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Conversations with Kevin Miranda

Today we’d like to introduce you to Kevin Miranda.

Hi Kevin, can you start by introducing yourself? We’d love to learn more about how you got to where you are today?
I am a 26-year-old creative and musician originally from Chennai, India. I’ve been curious about my creativity for as long as I can remember. As a child, I preferred to spend my time indulging in art, sketching whatever I found inspiring at the moment. So naturally, I chose to go to art school after I graduated high school. I moved out of my parents’ house at 17 and attended the Nanyang Academy of Fine Arts in Singapore on several scholarships. I’ve been equally invested in music almost my entire life. My parents made sure to get me vocal lessons when I was barely five and that kicked off a life-long obsession with playing music, to the point where it felt strange NOT to be making music. To me – that is the norm. Like every other artist that went on to put out their own music, I was in a band in high school. I sang and wrote songs for the band as we played school gigs and medium-sized shows in Chennai. The band experience was essential for cementing my love for songwriting. I couldn’t recommend it enough, especially if you’re looking to meet other, equally inspired musicians around you! Once I moved out to Singapore and settled down a little, I started to write more singer-songwriter music. I worked full-time as an Art Director in Advertising, but I found time to play intimate shows and open-mics in the evenings. In 2019 I applied to go to Boston University for grad school which eventually lead me to California as half my program was scheduled to take place here in Los Angeles. During this time, I put out my first two singles that listeners have taken to quite fondly. I’m happy with where my music is headed so far. Today, I do creative strategy for a promising young tech startup while simultaneously working on my first EP.

We all face challenges, but looking back would you describe it as a relatively smooth road?
It hasn’t been easy to figure out how to get started with my music independently, but I’m grateful for the process I put myself through. Balancing my ‘roles’ as a creative and a musician took me a while to get adjusted to but I can tell it’s very rewarding in the end. I have met some incredible people in the process. Learning to write better lyrics, teaching myself to produce and having to market it myself have all been time-consuming but made me more enterprising as a person. In the search for my own voice, I’ve found that having mentors for stuff I might not be great at can carry you much further and faster than trying to do it all yourself. I’m definitely all for DIY, but gathering up a team and getting people involved can result in a much better finished project. There’s also the very modern hassle of being exposed to too much good advice. You could listen to experts talk about songwriting or producing for hours on the internet but knowing when to stop is essential. At some point, you’re gonna have to get out and start doing it. It’s the only way you’ll make progress.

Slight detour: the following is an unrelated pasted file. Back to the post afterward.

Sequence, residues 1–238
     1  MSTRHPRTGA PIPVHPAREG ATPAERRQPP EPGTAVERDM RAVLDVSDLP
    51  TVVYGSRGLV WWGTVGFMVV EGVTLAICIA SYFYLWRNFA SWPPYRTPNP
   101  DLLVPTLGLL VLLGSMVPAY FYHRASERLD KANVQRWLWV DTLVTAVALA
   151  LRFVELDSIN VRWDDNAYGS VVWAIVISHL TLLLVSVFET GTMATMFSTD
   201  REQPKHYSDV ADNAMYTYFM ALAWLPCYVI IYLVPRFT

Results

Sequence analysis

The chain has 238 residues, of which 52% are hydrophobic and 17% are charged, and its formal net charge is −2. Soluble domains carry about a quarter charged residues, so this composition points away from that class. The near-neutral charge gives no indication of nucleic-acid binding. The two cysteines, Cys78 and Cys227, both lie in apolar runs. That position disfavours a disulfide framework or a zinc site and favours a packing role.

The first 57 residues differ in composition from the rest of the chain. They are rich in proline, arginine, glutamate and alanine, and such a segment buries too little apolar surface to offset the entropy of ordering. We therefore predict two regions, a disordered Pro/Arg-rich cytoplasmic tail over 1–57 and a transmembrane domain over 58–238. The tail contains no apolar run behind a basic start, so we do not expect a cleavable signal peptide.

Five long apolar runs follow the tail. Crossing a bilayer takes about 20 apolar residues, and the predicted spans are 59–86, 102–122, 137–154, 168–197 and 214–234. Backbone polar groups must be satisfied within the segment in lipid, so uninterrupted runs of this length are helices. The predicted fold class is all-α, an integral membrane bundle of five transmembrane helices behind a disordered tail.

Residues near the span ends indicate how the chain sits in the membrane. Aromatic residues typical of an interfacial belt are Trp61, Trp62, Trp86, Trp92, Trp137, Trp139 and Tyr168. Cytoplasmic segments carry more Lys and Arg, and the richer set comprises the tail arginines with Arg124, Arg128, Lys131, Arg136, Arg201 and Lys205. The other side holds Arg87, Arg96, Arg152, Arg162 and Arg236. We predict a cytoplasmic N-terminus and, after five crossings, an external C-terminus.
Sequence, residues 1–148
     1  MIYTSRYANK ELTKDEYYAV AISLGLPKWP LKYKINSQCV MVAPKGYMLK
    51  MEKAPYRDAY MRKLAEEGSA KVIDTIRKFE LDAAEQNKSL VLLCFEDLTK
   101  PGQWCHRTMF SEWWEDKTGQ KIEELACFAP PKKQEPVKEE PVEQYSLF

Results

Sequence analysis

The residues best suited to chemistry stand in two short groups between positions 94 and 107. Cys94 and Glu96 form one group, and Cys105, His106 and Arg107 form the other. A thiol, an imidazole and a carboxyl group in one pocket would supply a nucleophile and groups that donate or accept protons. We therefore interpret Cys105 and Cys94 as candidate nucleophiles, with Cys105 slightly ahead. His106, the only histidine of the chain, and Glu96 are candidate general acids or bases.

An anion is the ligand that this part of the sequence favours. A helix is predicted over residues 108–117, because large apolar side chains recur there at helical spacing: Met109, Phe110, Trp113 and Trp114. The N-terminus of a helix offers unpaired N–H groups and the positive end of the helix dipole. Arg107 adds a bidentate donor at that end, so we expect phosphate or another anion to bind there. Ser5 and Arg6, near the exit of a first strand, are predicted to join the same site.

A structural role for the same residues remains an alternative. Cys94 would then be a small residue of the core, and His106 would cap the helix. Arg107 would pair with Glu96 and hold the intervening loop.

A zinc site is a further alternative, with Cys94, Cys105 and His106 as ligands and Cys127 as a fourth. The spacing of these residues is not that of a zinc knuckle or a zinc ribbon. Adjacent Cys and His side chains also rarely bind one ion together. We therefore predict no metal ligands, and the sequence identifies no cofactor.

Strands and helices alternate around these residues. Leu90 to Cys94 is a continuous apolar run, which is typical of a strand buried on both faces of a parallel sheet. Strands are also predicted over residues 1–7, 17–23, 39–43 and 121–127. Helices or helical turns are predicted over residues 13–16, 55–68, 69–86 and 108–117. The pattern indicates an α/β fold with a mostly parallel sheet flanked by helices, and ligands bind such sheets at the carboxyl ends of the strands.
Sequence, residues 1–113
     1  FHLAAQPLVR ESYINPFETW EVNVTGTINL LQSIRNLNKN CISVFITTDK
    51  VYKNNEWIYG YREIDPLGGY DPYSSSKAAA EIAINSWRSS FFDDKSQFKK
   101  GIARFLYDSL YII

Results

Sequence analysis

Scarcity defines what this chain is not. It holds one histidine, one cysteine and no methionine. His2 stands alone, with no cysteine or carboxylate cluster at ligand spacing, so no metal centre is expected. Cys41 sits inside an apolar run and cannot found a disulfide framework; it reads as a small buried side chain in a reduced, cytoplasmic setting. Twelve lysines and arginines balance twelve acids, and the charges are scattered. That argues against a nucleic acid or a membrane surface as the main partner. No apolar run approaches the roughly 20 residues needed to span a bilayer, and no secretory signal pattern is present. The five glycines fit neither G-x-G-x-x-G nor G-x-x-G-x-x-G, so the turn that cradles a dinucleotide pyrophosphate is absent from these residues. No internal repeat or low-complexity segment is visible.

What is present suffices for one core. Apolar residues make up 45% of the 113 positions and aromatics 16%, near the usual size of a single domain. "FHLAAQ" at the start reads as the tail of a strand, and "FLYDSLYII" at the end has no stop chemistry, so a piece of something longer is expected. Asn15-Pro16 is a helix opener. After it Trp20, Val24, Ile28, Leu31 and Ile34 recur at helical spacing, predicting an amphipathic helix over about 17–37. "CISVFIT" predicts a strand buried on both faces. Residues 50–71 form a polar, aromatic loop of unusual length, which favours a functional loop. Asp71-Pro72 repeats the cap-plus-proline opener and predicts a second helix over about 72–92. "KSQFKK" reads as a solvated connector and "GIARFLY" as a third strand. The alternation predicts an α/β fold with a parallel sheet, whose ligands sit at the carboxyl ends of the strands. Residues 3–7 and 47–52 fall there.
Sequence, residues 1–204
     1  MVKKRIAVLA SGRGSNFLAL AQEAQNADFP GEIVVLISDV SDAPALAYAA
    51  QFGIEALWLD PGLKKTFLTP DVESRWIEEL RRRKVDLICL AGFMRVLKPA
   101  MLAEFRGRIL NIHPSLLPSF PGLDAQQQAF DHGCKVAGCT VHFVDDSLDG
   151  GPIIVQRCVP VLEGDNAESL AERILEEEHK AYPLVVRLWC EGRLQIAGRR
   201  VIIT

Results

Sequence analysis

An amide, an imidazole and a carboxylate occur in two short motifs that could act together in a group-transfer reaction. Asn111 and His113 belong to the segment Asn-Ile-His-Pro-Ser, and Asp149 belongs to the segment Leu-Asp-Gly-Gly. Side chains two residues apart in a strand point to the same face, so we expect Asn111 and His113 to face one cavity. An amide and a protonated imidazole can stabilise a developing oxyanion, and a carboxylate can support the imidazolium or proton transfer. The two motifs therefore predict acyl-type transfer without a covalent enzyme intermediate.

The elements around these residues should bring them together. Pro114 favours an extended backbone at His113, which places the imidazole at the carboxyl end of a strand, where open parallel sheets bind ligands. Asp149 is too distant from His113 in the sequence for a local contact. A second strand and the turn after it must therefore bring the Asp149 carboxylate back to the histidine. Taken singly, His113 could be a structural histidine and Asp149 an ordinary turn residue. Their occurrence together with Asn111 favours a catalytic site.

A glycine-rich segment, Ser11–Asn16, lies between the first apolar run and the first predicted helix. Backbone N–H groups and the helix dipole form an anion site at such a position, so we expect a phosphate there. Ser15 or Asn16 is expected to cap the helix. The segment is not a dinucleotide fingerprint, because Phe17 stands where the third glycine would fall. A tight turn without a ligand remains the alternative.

Thanks – so what else should our readers know about your work and what you’re currently focused on?
I write and produce songs in the Pop and R&B arena. I also play most of the instruments on these tracks, but I do get help sometimes. Doing a huge chunk of the initial work myself helps because I’m on a moving schedule. My songs are vocally-driven and emotionally heavy. I always try to fit a story into a song and take listeners on a journey with both the lyrics and the cadence of my tracks. I have a small team that supports me on this, and very similar to the state of the world right now, they’re all spread out across the map. My co-writer and mentor, Wei Liang, is from Singapore. Dilip, my co-producer and mixing engineer is based in Chennai. I also recently began collaborating with creatives in Los Angeles. I’ve moved around a lot so remote collaborations have always worked for me. I am most proud of the fact that I get to do this on my own dime. I don’t have to wait on anyone’s approval or permission to do this. I dictate the schedule and direction. I’d like to keep it that way for as long as I can.

Can you tell us more about what you were like growing up?
I grew up listening to Indian film music until I was 11. Outside of a few artists like the Backstreet Boys, Aqua and maybe Jim Reeves (for his Christmas albums) I hadn’t really been properly introduced to “Western” music. It wasn’t until an older cousin came home one day with a few Michael Jackson CD’s he wanted to check out on our home computer. I was really hooked on Thriller and the ‘Number Ones’ compilation album for a whole year after. That was my gateway into wider pop music. Not a bad place to begin at all! As I got older, I was exposed to metal, rock, country and 80’s music just by exchanging music recommendations with friends. I even had a huge rock and progressive rock phase in my late teens. I got through to the Beatles, Nirvana, Radiohead and Porcupine Tree during this phase. Some of these influences still show up in my songs. Personally, I’ve been forced to become self-sufficient in my endeavours. I’m very good at teaching myself new things. There’s so much free knowledge out there – that it’s given birth to a whole generation of self-taught bedroom musicians! I proudly identify as one of them. I also participated in a ton of music engagements growing up. Independent gospel albums, voiceovers, radio commercials, singing contests – anything my parents thought I’d be a good fit for. I’m grateful for the support I’ve had from them over the years.

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